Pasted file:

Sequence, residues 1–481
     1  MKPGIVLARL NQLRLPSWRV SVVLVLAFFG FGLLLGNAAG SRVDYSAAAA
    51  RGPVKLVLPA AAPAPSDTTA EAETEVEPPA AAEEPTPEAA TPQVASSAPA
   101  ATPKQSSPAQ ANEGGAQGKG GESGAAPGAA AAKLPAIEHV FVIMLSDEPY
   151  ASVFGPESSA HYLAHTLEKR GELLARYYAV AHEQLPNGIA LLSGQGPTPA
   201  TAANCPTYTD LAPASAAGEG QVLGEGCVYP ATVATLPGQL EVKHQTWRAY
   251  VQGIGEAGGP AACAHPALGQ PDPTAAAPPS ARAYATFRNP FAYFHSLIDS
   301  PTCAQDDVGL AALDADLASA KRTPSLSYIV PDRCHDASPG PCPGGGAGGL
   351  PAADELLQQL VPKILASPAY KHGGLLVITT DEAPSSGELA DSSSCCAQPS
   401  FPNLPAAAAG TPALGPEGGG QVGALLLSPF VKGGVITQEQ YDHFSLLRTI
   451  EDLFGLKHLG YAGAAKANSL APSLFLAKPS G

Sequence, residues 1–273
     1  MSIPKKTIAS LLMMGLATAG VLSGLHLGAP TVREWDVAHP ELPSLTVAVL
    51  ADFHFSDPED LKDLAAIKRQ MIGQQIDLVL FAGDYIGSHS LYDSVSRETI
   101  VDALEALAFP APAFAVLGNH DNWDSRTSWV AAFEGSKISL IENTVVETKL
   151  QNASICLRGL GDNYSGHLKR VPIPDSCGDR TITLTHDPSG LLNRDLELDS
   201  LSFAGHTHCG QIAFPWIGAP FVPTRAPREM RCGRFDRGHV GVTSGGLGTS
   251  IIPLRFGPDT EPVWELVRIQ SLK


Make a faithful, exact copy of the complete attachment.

Sequence, residues 1–481
     1  MKPGIVLARL NQLRLPSWRV SVVLVLAFFG FGLLLGNAAG SRVDYSAAAA
    51  RGPVKLVLPA AAPAPSDTTA EAETEVEPPA AAEEPTPEAA TPQVASSAPA
   101  ATPKQSSPAQ ANEGGAQGKG GESGAAPGAA AAKLPAIEHV FVIMLSDEPY
   151  ASVFGPESSA HYLAHTLEKR GELLARYYAV AHEQLPNGIA LLSGQGPTPA
   201  TAANCPTYTD LAPASAAGEG QVLGEGCVYP ATVATLPGQL EVKHQTWRAY
   251  VQGIGEAGGP AACAHPALGQ PDPTAAAPPS ARAYATFRNP FAYFHSLIDS
   301  PTCAQDDVGL AALDADLASA KRTPSLSYIV PDRCHDASPG PCPGGGAGGL
   351  PAADELLQQL VPKILASPAY KHGGLLVITT DEAPSSGELA DSSSCCAQPS
   401  FPNLPAAAAG TPALGPEGGG QVGALLLSPF VKGGVITQEQ YDHFSLLRTI
   451  EDLFGLKHLG YAGAAKANSL APSLFLAKPS G

Sequence, residues 1–273
     1  MSIPKKTIAS LLMMGLATAG VLSGLHLGAP TVREWDVAHP ELPSLTVAVL
    51  ADFHFSDPED LKDLAAIKRQ MIGQQIDLVL FAGDYIGSHS LYDSVSRETI
   101  VDALEALAFP APAFAVLGNH DNWDSRTSWV AAFEGSKISL IENTVVETKL
   151  QNASICLRGL GDNYSGHLKR VPIPDSCGDR TITLTHDPSG LLNRDLELDS
   201  LSFAGHTHCG QIAFPWIGAP FVPTRAPREM RCGRFDRGHV GVTSGGLGTS
   251  IIPLRFGPDT EPVWELVRIQ SLK